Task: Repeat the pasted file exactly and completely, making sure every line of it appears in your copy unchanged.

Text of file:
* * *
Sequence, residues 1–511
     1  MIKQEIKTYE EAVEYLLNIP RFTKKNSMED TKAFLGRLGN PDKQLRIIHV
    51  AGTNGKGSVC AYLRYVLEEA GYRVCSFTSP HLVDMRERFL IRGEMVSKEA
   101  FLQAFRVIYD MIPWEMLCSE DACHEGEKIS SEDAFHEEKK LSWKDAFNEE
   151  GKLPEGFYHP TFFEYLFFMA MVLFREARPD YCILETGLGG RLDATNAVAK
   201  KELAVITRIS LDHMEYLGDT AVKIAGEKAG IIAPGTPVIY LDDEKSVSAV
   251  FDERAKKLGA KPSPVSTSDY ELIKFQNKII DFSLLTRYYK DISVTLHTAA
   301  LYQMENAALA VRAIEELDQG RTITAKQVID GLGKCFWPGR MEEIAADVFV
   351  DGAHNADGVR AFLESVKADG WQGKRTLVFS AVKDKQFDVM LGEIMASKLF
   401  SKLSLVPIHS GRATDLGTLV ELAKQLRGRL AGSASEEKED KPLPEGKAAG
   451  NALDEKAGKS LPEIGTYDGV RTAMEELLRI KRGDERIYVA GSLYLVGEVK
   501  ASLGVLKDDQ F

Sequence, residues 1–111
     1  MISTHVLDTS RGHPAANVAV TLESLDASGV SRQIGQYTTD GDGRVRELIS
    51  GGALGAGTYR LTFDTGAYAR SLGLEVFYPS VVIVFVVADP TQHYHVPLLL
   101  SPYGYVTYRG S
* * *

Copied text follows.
Sequence, residues 1–511
     1  MIKQEIKTYE EAVEYLLNIP RFTKKNSMED TKAFLGRLGN PDKQLRIIHV
    51  AGTNGKGSVC AYLRYVLEEA GYRVCSFTSP HLVDMRERFL IRGEMVSKEA
   101  FLQAFRVIYD MIPWEMLCSE DACHEGEKIS SEDAFHEEKK LSWKDAFNEE
   151  GKLPEGFYHP TFFEYLFFMA MVLFREARPD YCILETGLGG RLDATNAVAK
   201  KELAVITRIS LDHMEYLGDT AVKIAGEKAG IIAPGTPVIY LDDEKSVSAV
   251  FDERAKKLGA KPSPVSTSDY ELIKFQNKII DFSLLTRYYK DISVTLHTAA
   301  LYQMENAALA VRAIEELDQG RTITAKQVID GLGKCFWPGR MEEIAADVFV
   351  DGAHNADGVR AFLESVKADG WQGKRTLVFS AVKDKQFDVM LGEIMASKLF
   401  SKLSLVPIHS GRATDLGTLV ELAKQLRGRL AGSASEEKED KPLPEGKAAG
   451  NALDEKAGKS LPEIGTYDGV RTAMEELLRI KRGDERIYVA GSLYLVGEVK
   501  ASLGVLKDDQ F

Sequence, residues 1–111
     1  MISTHVLDTS RGHPAANVAV TLESLDASGV SRQIGQYTTD GDGRVRELIS
    51  GGALGAGTYR LTFDTGAYAR SLGLEVFYPS VVIVFVVADP TQHYHVPLLL
   101  SPYGYVTYRG S